Vertex Form of a Line? Really?

Standard

I read Glen’s post Writing Linear Equations about a month ago.  I remember thinking…  hmmm. really?  but a line doesn’t have a vertex, does it? is that legal?  can I do that?  Will it always work?  So I tried some.  Several.  It made perfect sense. 

Please take a moment to read his post…

Anyway, I reread within the week and wondered if I should give it a try – I mean, it did make sense.  A lot of sense.  But I was afraid it would confuse the students, I was afraid to step out on the limb.  I wasn’t sure how to introduce it.

After seeing a tweet from @druinok, I decided to give it a try.  I shared the form y=a(x-h)+k and asked the students if they had ever seen it before?  In the functions unit – transforming functions (focus on quadratics, absolute values and radicals/square roots) – they were familiar.  I graphed a line with a given slope, then translated it (a point marked at then origin) the given point (h, k) –  to begin as a visual.

Anyway, within 3 examples – EVERY single student was doing it – writing equations of lines…CORRECTLY!  yes.  Thank you Glenn & Druinok! 

In my geometry classes, I still had a handful of students struggling with this “algebra 1” skill.  I pulled them off one-on-one and simply said, lets try it this way, explaining the vertex form.  They are all running with writing equations of lines now~  AWESOME!  I am a believer in vertex form of a line.  Give it a try.  Go ahead don’t be afraid.  It works, beautifully.   

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5 responses »

  1. I liked the idea of this as well but was equally put off by using the word ‘vertex’ in this context. However, I realized it was a form of what I usually teach as Point-Slope Form, and it gave me a connection I don’t recall previously making between quadratics and function shifts and lines. I’ll be using it in class soon!

  2. Thank you Pam for the shout out! Every teacher I have spoken to who has tried this has seen their learners improve on lines. It is such a simple idea, but it makes sense in learners heads.

    Aaron, I agree, lines don’t have vertices, but the form for quadratics, absolute value, etc is the vertex form. I think a better name, as I have been thinking about the class of general equations is the (h,k) form. That name is descriptive, yet also fits for lines as well as quadratics, abs value, etc.

    • in the world where such things matter (which may or may not be this one), (h, k) is a “special point” … any specific point for linear, vertex of a quadratic, point of inflection for a cubic, I believe a ‘cusp’ might be the correct word for absolute value and center for a rational function, and perhaps ‘initial point’ for a square root (though it is the vertex here within the context of a restricted inverse function) (and so on and so on)? I love the idea of better connecting functions and transformations via this idea … point-slope form does not often seem to be the method of choice in a traditional Algebra 1 textbook; I would assume because using slope-intercept form emphasizes the key skills of previous chapters (specifically substitute/evaluate and solving equations). I had previously never thought of manipulating the variables in Point-Slope Form of a Line y - y_{1}= m (x- x_{1}) to create something that looks more like Vertex Form of a Quadratic, so for that I applaud you, sir.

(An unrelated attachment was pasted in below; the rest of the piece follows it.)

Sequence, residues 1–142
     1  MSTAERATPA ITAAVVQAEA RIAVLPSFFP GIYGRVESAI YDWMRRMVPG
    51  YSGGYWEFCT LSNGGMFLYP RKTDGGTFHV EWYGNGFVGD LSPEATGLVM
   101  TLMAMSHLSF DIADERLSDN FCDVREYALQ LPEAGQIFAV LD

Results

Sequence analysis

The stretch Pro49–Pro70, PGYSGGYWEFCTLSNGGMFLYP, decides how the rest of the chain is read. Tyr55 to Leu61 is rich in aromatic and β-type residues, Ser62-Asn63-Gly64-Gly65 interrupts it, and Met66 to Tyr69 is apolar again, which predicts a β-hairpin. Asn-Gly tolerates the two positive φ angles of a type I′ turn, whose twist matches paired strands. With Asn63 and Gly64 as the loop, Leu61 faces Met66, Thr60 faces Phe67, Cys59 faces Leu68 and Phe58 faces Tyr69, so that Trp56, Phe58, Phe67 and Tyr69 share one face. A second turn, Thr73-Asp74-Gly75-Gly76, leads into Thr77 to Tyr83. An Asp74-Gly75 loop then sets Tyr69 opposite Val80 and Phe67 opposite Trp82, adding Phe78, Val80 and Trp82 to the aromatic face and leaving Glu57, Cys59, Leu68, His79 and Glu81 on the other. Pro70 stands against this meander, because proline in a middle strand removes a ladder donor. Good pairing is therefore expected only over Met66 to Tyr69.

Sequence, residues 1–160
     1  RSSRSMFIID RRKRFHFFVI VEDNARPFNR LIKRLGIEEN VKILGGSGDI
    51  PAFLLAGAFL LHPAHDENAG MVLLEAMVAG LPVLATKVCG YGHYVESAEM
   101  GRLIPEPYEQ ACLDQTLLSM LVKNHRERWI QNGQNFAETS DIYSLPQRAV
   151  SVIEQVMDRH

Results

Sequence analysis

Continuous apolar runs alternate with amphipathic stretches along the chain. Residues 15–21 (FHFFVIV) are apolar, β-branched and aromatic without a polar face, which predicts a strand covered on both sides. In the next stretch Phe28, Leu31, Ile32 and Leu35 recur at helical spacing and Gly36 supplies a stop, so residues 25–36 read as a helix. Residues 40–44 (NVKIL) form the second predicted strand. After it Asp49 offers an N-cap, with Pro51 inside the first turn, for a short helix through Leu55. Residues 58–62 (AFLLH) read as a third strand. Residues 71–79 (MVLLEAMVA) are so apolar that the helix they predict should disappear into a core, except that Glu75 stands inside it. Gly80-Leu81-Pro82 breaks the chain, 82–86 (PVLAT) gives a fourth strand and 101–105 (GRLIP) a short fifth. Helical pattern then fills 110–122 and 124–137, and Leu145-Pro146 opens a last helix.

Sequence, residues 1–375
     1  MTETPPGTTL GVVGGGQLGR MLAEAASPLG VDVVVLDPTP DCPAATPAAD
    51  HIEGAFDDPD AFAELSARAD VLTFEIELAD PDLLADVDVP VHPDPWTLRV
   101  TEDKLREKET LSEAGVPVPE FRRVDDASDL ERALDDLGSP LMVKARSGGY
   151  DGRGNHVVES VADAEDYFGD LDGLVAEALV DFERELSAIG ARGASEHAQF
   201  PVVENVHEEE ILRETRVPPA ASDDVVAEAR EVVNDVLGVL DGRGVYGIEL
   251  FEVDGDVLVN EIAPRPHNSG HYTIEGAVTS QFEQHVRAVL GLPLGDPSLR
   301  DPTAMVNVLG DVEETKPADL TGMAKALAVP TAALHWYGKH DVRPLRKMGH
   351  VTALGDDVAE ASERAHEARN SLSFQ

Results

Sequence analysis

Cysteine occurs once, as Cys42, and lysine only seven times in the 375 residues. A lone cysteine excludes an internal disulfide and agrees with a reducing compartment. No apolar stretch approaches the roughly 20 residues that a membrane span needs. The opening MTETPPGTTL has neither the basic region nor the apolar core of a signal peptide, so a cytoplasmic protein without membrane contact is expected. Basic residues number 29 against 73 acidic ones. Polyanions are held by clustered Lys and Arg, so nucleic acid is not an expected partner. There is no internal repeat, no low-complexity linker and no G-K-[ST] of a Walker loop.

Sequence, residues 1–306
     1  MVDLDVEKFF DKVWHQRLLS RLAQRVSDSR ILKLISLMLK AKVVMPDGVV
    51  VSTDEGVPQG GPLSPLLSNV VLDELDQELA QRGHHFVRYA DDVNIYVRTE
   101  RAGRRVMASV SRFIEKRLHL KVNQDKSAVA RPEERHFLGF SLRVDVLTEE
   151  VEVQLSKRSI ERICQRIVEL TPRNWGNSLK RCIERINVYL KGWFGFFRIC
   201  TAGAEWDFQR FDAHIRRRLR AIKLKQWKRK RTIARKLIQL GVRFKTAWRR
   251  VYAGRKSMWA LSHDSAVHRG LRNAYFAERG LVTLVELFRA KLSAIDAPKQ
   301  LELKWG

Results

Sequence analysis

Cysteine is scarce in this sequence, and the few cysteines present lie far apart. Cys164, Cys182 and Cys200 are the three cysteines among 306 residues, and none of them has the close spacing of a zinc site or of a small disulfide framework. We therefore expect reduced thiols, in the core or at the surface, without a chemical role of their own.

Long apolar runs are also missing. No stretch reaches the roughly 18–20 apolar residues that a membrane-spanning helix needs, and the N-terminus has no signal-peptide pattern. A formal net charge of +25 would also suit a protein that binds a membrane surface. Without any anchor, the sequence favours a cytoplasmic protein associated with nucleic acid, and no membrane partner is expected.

3. Thank you Aaron, for the applause. I agree that nomenclature is important and for teachers to feel comfortable with using a different form it must have a name that fits with the rest of the established mathematics.

    I am writing this up for submission to more authoritative sources, and clearly for that there needs to be a name that makes sense. I just am not sure what that name should be.

    Or…. here is a thought. These equations can be called the (h, k) class of equations, and what makes the equation with degree 1 special in this category is that there is not one special point, but all points can act as (h,k). If you have any exponent other than 1 (or absolute value) then only one special point can be used.

    This difference is what makes lines unique and special (and simpler) in the realm of mathematics, but also why there are other forms that work so well.

    Hmm. Not sure if that makes sense or not, but it is an explanation that fits in my head. I would love some feedback!

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